But easily, the total highlight of the show was the second song, He’s Gone as sung by Reed Mathis. This lengthy and far reaching version I believe to be the best one I have ever heard by any band ever. They explore every nook and cranny of the previously played versions of the song. They then completely deconstructed the song and rebuilt it from scratch, down to it’s molecular make up and back up until it was fully formed again. Masterful.
AUDIO SET TWO:
Surprises continued one after another. While the public pain from the absence of Jerry Garcia has been palpable this summer, there is still a collective pain from the absence of Brent Mydland whose passing is now decades past us. Golden Gate Wingmen kept his memory alive that night playing the mostly forgotten song We Can Run. I ran into John after the show and remarked how nobody plays that one, and he cocked his head a bit and said “I’ve been playing that one in my solo set for years,” shrugged his shoulders a bit and walked along. Such is the unique sensibility of this sensitive musician.
Next up the Reed Mathis original, The Ladder. This song is meticulously crafted and with the capable skills of this band it blossoms. It’s telling that after a really full night of music, when I woke up the next morning, it was The Ladder that was stuck in my head. Again, not content with song book limitations, Golden Gate Wingmen offer up original songs and rarities and the audience accepts them with a willingness that I don’t think I’ve seen for any other band in this scene.
A spirited Help on the Way brought us back to that songbook, and the funkiest Slipknot I’ve heard in a long time, or maybe ever followed. An extended improv section let us back to the hooks, and then Jay Lane made his presence known. In the part prescribed to be an area of drum improvisation, Lane went full frontal, assaulting the skins with the precision of a surgeon and the strength of a musical warrior. Holy smokes, the band was on fire. Rock and Roll.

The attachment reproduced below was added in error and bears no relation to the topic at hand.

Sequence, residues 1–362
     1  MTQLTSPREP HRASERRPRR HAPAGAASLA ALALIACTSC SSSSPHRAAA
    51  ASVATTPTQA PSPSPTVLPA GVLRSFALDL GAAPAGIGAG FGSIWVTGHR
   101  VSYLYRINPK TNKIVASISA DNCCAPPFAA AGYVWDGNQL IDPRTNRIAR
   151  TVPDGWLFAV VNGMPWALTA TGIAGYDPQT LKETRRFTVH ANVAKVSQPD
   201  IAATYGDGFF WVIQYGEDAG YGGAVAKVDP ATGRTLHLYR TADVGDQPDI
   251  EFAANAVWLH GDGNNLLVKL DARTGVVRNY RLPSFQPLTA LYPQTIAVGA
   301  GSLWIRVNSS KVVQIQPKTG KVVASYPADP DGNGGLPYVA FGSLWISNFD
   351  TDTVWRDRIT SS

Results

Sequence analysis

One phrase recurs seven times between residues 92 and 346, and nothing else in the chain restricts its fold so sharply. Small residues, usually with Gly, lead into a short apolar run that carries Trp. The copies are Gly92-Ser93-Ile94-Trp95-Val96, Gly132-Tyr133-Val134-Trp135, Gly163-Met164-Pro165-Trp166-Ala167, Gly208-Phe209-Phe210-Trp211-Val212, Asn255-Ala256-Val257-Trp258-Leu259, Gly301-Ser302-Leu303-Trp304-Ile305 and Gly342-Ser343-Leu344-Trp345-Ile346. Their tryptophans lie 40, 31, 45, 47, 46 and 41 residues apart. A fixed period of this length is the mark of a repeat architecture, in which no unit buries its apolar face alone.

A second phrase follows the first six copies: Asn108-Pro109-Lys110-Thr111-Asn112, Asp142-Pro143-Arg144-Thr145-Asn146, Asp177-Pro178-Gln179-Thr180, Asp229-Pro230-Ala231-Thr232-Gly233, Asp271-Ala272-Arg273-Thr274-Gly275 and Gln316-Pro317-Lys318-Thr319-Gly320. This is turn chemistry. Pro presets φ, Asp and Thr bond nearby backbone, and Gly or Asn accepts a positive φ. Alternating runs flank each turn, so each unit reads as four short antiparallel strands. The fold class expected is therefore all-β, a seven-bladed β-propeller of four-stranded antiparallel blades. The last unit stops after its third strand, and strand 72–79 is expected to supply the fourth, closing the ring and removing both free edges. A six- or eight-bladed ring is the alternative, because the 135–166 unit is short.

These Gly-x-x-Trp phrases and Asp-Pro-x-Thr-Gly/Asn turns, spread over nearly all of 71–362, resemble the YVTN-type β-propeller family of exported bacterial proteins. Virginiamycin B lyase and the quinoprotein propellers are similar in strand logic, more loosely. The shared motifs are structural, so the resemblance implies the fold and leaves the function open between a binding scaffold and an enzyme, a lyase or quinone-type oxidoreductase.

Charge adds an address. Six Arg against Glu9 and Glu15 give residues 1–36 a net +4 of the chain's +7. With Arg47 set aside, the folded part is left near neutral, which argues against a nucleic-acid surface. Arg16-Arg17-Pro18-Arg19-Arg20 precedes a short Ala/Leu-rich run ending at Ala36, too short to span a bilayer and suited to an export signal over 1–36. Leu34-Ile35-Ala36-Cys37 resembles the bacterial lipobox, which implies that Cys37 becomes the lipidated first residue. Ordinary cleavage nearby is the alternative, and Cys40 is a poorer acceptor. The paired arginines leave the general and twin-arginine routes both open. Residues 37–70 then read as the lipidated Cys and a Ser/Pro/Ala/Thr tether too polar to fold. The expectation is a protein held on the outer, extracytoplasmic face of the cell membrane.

Now I’ve become wary of expecting a Franklin’s Tower after the Slipknot from this band. It almost seems like they do it one out of three times to keep us expecting it, but I’ve seen and heard Ripple come out of Slipknot, so I was half expecting that. But instead Touch of Grey came next and Kadlecik was clearly warming up after hours on stage.
The encore came with the classic Like a Road. Instead of an easing into the night though, this version was hefty, meaty- a working man’s meal after a hard day, with the gristle intact. Kadlecik attacked his guitar with fervor, and the crescendo of the energy from this show, mirrored the crescendo of the whole tour. It all come to a peak, and as the last tonal remnants spilled out of the water and into the humidity, I realized it was over. I wouldn’t say that I was disappointed, it’s just when you put down a really intense book, or your favorite tv show stops making new episodes, it can be jarring.
We got to hang around for a while, and my long lost friends and I reminisced and reconnected. This is another great thing about Golden Gate Wingmen- it gives us all an excuse, post Chicago, to get together. Ours is a rather strong community, and we are spread out all over the place. Wingmen shows are the perfect place to meet up with old friends, and to recreate the magic that we have been creating together for the last fifty years.
Dupree’s Diamond Blues
Might as Well
We Can Run
Help on the Way
Touch of Grey
E: Like a Road